Ella Ide, AFP
Posted on October 11, 2019 at 10:52.
Last updated Friday, October 11, 2019 1:27 PM EDT
ROME, Italy [Reuters] – A vivid fresco depicting a gladiator in victorious armor while his wounded opponent stumbles in gushing blood was discovered in the ancient Roman city of Pompeii, the Italian Ministry of Culture said on Friday.
The striking scene in gold, blue and red was uncovered in what experts think was a tavern frequented by gladiators who fought each other, prisoners and wildlife for the entertainment of the public.
"We don't know how this fight ended. The gladiators were killed or had mercy," Pompeii director Massimo Osanna said.
A "Murmillo" fighter, wearing a wide-brimmed helmet with a visor, holds his large rectangular shield in his left hand, while holding the short sword in his right.
On the ground beside him is the shield of the defeated "Thraex", who has suffered deep injuries and is on the verge of collapse.
"What is particularly interesting is the extremely realistic representation of the wounds, such as the unsuccessful gladiator's wrist and chest, from which blood drips wetting his leggings," Osanna said.
"Thraex is gesturing with his hand, possibly asking for mercy," he said.
The fresco – which measures 1.12 meters by 1.5 meters – was found in what excavators believe to be a basement room, as the impression of a wooden staircase can be seen above it.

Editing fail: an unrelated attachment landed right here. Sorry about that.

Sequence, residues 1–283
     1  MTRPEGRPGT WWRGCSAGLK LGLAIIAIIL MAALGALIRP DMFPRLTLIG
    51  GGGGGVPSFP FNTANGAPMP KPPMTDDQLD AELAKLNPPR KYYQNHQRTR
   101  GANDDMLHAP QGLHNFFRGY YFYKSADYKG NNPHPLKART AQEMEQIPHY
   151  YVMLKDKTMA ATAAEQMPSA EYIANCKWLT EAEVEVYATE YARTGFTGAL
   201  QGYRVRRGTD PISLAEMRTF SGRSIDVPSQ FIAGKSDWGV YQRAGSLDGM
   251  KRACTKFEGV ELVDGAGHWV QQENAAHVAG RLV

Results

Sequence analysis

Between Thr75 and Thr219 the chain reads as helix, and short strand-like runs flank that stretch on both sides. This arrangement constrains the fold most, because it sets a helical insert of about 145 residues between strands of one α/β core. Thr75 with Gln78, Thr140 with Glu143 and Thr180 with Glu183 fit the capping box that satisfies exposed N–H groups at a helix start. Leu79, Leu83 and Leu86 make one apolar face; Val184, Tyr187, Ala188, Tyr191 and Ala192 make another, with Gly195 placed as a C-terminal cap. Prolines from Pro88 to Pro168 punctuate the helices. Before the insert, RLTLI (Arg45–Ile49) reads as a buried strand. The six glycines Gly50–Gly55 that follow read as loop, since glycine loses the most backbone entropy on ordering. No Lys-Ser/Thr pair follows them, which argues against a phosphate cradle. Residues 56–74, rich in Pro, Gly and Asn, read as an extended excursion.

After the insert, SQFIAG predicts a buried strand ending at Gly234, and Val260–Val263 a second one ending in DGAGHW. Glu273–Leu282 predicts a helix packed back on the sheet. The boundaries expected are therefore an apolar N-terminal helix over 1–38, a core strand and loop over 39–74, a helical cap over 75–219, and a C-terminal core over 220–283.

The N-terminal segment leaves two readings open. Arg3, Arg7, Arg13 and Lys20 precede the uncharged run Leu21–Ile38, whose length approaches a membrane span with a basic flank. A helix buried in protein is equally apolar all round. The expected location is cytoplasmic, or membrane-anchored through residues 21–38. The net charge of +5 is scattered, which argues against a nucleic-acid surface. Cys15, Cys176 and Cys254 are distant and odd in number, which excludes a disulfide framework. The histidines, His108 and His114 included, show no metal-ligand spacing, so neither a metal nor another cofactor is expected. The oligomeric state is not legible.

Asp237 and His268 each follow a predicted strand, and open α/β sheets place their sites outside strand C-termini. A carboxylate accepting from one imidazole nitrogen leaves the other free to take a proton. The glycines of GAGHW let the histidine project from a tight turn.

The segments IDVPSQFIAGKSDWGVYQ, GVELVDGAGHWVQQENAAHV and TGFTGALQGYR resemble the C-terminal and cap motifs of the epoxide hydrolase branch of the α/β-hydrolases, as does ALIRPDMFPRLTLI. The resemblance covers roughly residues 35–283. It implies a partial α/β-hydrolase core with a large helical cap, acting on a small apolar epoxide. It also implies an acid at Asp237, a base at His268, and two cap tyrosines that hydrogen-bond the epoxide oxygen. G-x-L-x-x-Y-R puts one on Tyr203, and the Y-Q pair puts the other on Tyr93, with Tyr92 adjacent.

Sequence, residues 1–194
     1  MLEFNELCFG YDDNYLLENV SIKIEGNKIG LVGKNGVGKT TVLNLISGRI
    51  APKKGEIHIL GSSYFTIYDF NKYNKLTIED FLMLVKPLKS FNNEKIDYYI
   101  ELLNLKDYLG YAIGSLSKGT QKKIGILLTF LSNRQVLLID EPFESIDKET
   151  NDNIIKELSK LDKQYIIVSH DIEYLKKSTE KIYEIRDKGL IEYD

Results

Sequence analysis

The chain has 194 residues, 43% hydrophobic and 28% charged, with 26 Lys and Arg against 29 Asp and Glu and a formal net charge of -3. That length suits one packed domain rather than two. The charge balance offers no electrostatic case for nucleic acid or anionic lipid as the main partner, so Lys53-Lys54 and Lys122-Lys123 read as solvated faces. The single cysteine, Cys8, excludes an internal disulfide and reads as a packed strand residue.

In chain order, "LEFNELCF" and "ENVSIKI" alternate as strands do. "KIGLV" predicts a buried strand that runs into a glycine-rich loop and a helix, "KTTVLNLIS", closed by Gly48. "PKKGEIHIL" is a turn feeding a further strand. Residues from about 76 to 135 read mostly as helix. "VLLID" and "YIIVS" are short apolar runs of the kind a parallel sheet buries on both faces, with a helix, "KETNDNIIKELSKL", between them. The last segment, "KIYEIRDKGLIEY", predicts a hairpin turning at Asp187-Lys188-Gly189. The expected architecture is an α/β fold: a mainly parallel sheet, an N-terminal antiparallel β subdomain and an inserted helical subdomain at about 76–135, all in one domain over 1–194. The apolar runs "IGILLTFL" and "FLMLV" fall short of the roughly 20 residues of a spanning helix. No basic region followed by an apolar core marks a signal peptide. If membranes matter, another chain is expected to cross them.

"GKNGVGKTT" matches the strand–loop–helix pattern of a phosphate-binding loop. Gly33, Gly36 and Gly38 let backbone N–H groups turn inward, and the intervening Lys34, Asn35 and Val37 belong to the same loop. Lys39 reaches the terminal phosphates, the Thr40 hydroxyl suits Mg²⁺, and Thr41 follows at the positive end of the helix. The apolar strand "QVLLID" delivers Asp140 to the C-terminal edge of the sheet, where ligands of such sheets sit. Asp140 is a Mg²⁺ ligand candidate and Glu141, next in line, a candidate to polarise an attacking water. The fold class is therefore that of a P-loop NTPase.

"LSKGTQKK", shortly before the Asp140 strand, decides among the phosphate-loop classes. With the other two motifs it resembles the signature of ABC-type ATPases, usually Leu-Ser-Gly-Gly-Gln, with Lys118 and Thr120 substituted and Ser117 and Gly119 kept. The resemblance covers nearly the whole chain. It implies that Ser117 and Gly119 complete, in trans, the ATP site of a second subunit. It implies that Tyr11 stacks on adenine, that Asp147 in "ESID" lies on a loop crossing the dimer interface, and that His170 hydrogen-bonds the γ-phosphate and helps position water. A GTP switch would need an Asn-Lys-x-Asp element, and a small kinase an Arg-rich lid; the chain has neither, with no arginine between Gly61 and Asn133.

Treasures of a ruined city
The building was situated not far from the gladiator headquarters in Regio V, a quarter of the site that recently offered several impressive archaeological finds, but is still open to the public.
It was probably a tavern with a higher floor of rooms used by the innkeeper or prostitutes, the ministry said.
The discovery was made during works to protect an area north of the archaeological park under the Great Pompeii Project, launched after years of poor maintenance and bad weather, causing a series of wall collapses.
Minister of Culture Dario Franceschini He said the discovery shows that Pompeii is "an inexhaustible mine of research and knowledge for archaeologists of today and tomorrow."
The ruined city in southern Italy is the second most visited tourist site in the country after the Colosseum in Rome, with over 3.6 million visitors in 2018.
Perhaps the most significant discovery in Regio V so far has been an inscription discovered last year proving that the city was destroyed by Mount Vesuvius after October 17, 79 AD and not August 24, as previously thought.
Most attractive, however, was the skeleton of a man in 2018, whose trunk was found sticking out of a large block of stone that had crushed his head.
He appeared to have survived the initial eruption and tried to flee when volcanic ash blanketed the city, but was slowed down and likely overcome by lethal gases, experts said.